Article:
About Daniel Patrick Moynihan


Daniel Patrick Moynihan (1927–2003) served as United States Senator from New York, starting in 1976, and was Ambassador to the United Nations (1975-1976) and to India (1973-1975). Senator Moynihan was re-elected to the Senate in 1982, 1988, and 1994, and served until 2000. He was the Ranking Minority Member of the Senate Committee on Finance, having earlier served as Chairman. He served on the Committee of the Environment and Public Works, of which he was also formerly Chairman, and the Senate Committee on Rules and Administration. He was a member of the Joint Committee on Taxation and the Joint Committee on the Library. Senator Moynihan held cabinet or sub-cabinet positions under Presidents John Kennedy, Lyndon Johnson, Richard Nixon, and Gerald Ford. Senator Moynihan also served as a Professor of Education and Government at Harvard University. In 2001 Senator Moynihan became a Professor at Syracuse University’s Maxwell School and a senior scholar at the Woodrow Wilson International Center for Scholars, an institution of which he was a founder; he held this position until his death in 2003.

Senator Moynihan attended public and parochial school in New York City and graduated from Benjamin Franklin High School in East Harlem. He attended the City College of New York for one year before enlisting in the United States Navy. He served on active duty from 1944 to 1947. In 1966, he completed twenty years in the Naval Reserve and was retired. He earned his bachelor’s degree (cum laude) from Tufts University, studied at the London School of Economics as a Fulbright Scholar, and received his M.A. and Ph.D. from Tufts University’s Fletcher School of Law and Diplomacy.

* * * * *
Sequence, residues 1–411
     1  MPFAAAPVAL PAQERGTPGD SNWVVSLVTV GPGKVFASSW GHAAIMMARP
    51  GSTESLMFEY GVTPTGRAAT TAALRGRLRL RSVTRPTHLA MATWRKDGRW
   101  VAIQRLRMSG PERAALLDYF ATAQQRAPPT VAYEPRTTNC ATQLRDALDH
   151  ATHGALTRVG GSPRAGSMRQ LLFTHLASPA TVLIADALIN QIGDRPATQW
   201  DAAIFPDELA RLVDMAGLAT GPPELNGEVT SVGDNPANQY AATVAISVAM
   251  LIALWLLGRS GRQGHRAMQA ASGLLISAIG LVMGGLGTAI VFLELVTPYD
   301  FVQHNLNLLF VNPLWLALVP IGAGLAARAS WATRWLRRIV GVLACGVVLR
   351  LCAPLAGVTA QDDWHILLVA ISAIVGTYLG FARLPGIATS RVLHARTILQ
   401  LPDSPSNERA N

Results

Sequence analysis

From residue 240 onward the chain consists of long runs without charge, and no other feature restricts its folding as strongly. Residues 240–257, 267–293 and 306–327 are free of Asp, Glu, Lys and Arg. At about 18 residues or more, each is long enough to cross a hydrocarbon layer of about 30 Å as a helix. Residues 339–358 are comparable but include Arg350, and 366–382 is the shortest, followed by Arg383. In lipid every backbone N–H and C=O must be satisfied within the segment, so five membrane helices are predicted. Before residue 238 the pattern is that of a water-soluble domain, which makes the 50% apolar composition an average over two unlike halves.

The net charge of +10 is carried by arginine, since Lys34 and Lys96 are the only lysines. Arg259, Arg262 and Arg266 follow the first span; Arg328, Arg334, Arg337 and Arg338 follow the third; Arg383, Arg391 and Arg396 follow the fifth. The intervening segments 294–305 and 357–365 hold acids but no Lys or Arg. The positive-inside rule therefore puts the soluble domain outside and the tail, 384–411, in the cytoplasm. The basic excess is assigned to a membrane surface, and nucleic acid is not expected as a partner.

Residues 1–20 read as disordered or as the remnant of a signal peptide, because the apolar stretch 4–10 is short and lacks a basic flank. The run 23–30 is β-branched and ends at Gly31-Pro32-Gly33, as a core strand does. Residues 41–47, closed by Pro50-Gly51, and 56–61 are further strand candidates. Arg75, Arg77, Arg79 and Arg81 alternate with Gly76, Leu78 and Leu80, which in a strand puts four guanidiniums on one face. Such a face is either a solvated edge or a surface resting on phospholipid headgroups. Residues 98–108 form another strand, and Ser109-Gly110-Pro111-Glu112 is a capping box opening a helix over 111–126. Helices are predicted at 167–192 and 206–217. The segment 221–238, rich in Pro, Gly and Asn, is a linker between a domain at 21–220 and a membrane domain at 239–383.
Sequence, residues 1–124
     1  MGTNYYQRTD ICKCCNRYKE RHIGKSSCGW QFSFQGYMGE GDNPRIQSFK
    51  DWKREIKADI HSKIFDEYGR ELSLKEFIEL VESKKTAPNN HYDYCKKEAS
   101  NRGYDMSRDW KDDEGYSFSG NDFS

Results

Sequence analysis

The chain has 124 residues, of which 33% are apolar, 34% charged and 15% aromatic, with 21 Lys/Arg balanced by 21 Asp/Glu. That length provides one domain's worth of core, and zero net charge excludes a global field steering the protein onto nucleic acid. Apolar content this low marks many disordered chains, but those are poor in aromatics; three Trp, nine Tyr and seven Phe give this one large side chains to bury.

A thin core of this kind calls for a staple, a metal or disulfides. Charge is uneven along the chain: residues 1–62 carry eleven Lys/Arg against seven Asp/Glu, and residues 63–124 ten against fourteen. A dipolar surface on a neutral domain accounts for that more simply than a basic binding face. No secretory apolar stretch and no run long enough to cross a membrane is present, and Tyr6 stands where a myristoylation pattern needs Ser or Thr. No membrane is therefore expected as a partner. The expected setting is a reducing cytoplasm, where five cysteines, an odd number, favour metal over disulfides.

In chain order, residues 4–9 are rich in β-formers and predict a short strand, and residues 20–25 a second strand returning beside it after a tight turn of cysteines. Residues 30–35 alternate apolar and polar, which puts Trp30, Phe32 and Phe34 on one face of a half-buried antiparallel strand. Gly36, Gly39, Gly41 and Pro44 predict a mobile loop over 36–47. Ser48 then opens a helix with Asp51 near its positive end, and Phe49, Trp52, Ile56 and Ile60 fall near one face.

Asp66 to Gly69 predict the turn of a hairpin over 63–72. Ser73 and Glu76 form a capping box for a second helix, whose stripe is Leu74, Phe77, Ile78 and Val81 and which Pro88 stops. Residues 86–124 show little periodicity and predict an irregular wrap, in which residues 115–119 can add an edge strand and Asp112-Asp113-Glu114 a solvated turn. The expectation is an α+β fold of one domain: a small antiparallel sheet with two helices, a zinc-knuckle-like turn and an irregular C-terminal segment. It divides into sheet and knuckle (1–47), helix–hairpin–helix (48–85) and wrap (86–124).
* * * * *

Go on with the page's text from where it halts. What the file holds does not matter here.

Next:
Awards include the Laetare Medal of the University of Notre Dame (1992); the Thomas Jefferson Award for Public Architecture from the American Institute of Architects (1992); and the Thomas Jefferson Medal for Distinguished Achievement in the Arts or Humanities from the American Philosophical Society (1993). In 1994, he received the Gold Medal Award “honoring services to humanity” from the National Institute of Social Sciences. In 1997, the College of Physicians and Surgeons at Columbia University awarded Senator Moynihan the Cartwright Prize. He was the 1998 recipient of the Heinz Award in Public Policy for “having been a distinct and unique voice in this century independent in his convictions, a scholar, teacher, statesman and politician, skilled in the art of the possible.” Senator Moynihan received the Presidential Medal of Freedom on August 9, 2000. His final book, Future of the Family, was published in 2003.

The American Academy of Political and Social Science dedicates the Daniel Patrick Moynihan Prize to public officials and scholars who champion the use of informed judgment to improve public policy.

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